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Determining natural scales of ecological systems

journal contribution
posted on 2023-05-16, 17:09 authored by Habeeb, R, Jessica Melbourne-ThomasJessica Melbourne-Thomas, Wotherspoon, SJ, Craig JohnsonCraig Johnson
A key issue in ecology is to identify the appropriate scale(s) at which to observe trends in ecosystem behavior. The characteristic length scale (CLS) is a natural scale of a system at which the underlying deterministic dynamics are most clearly observed. Any approach to estimating CLSs of a natural system must be able to accommodate complex nonlinear dynamics and must have realistic requirements for data. Here, we compare the robustness of two methods to estimate CLSs of dynamical systems, both of which use attractor reconstruction to account for the complex oscillatory dynamics of ecological systems. We apply these techniques to estimate CLSs of spatial multispecies systems of varying complexity, and show that both methods are robust for the simplest system, but as model complexity increases, the Pascual and Levin metric is more robust than that of Keeling et al. Both methods demonstrate some sensitivity to the choice of species used in the analysis, with closely connected species producing more similar CLSs than loosely connected species. In this context, connectivity is determined both by the topology of the interaction network and spatial organization in the system. Notably, systems showing complex spatial self-organization can yield multiple CLSs, with larger length scales indicating the emergent dynamics of interactions between patches. While the prediction r2 metric of Pascual and Levin is suitable to estimate CLSs of complex systems, their method is not suitable to apply to most real ecosystems because of the requirement of long time series for attractor reconstruction. We offer two alternatives, both based on prediction r2, but where repetition in space is largely (the "short time series" method) or wholly (the "sliding window" method) substituted for repetition in time in attractor reconstruction. Both methods, and in particular the short time series based on only three or four sequential observations of a system, are robust in detecting the primary length scale of complex systems. We conclude that the modified techniques are suitable for application to natural systems. Thus they offer, for the first time, an opportunity to estimate natural scales of real ecosystems, providing objectivity in important decisions about scaling in ecology. © 2005 by the Ecological Society of America.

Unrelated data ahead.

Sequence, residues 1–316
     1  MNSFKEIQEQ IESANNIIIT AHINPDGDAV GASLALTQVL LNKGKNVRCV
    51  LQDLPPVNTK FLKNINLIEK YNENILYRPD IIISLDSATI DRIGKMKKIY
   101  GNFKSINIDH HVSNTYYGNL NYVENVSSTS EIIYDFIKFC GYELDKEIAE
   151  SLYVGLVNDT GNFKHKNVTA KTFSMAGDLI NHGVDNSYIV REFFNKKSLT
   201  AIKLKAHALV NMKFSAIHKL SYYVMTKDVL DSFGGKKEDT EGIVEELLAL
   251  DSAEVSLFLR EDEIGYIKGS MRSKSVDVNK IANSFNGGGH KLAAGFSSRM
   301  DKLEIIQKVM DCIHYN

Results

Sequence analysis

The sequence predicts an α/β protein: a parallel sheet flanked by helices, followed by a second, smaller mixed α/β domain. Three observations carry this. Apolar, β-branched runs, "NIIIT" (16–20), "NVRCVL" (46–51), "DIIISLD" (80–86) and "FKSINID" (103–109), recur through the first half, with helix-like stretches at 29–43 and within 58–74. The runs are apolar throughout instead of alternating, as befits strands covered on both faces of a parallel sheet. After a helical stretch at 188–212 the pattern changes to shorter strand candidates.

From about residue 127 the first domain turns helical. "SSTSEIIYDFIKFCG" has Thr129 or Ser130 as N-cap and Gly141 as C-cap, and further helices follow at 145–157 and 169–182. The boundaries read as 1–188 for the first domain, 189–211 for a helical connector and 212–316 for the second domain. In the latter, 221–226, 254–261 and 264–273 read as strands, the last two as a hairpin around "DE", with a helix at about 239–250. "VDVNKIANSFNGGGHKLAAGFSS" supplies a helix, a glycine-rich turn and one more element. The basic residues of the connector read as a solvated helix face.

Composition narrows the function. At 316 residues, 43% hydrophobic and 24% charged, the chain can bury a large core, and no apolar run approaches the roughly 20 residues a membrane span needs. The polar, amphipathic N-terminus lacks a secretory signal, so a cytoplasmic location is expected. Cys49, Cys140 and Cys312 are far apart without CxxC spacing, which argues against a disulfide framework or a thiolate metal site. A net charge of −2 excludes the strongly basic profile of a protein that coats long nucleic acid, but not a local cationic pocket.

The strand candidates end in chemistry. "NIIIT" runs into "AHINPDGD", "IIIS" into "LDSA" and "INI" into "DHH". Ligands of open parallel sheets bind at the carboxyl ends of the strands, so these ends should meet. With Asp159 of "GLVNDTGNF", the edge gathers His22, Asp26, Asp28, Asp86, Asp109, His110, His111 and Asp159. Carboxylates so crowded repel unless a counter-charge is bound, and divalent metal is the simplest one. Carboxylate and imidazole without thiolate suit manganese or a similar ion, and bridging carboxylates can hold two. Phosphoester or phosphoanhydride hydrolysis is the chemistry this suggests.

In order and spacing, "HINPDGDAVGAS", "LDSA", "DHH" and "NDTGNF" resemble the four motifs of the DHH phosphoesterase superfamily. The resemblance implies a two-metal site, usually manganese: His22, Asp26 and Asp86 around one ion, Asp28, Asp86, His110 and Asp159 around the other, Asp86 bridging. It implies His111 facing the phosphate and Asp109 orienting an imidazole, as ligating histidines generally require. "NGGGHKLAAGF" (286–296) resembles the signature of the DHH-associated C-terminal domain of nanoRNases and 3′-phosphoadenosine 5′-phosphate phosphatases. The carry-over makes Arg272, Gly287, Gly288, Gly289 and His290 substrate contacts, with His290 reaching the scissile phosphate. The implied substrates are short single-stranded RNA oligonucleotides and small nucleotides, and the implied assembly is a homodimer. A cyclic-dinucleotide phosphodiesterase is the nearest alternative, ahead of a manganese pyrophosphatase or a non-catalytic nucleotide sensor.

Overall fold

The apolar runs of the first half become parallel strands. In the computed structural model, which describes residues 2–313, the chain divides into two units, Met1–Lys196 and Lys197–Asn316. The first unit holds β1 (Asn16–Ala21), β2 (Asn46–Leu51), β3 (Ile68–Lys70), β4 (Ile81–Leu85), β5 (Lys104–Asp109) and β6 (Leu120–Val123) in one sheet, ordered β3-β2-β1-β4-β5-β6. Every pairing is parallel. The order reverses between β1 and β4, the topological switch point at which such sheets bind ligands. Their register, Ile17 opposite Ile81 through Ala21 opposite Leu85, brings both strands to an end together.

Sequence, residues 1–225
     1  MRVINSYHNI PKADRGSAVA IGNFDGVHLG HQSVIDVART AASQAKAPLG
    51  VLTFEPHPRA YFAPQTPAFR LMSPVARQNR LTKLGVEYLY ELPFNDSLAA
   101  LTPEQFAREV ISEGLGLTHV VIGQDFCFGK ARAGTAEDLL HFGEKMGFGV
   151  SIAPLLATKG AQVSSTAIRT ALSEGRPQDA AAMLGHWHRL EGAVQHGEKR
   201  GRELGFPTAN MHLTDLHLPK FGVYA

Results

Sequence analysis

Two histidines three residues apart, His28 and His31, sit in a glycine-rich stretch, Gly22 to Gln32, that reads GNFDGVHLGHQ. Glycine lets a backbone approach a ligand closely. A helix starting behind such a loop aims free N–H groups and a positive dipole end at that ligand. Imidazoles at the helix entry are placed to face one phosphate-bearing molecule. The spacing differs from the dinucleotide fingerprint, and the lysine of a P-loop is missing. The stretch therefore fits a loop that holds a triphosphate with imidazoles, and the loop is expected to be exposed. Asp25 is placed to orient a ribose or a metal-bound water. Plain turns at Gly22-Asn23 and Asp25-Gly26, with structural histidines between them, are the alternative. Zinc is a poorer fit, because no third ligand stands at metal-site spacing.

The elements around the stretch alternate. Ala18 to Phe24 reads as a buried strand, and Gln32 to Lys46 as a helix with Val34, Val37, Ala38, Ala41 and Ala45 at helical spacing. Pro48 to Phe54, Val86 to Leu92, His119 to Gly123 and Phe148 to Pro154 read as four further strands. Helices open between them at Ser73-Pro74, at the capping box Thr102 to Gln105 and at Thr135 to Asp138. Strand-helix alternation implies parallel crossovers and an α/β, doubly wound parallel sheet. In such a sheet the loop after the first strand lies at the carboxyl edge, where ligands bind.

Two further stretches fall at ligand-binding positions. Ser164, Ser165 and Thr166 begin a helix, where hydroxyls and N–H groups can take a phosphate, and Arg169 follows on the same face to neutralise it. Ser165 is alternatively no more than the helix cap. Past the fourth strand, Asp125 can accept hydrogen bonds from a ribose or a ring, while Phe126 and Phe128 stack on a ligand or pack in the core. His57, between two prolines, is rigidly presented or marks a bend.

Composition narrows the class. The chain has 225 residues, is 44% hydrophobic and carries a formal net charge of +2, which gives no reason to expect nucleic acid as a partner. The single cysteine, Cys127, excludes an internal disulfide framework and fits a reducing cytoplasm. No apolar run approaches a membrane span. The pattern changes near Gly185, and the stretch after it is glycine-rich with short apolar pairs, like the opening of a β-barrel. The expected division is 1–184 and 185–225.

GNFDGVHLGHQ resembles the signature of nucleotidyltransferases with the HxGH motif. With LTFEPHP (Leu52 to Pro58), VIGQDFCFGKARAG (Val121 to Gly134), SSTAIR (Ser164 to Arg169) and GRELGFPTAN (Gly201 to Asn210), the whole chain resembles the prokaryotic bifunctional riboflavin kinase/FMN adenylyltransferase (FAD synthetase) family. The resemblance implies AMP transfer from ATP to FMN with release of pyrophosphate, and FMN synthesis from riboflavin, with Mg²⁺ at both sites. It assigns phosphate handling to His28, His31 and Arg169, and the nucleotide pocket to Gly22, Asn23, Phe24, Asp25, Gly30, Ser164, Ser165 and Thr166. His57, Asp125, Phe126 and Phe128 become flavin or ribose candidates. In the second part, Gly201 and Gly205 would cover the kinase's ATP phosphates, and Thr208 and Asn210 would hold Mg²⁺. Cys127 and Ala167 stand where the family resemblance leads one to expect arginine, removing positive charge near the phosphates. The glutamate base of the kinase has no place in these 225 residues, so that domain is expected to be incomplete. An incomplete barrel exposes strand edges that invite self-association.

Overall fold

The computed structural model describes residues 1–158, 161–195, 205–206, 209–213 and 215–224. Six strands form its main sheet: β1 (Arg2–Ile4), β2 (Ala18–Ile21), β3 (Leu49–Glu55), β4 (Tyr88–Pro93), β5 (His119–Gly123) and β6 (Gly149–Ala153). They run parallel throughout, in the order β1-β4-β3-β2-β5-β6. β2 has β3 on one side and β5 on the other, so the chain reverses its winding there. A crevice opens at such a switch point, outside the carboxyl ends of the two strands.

Publication title

Ecological Monographs










Institute for Marine and Antarctic Studies


Ecological Society of America

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Socio-economic Objectives

Assessment and management of terrestrial ecosystems

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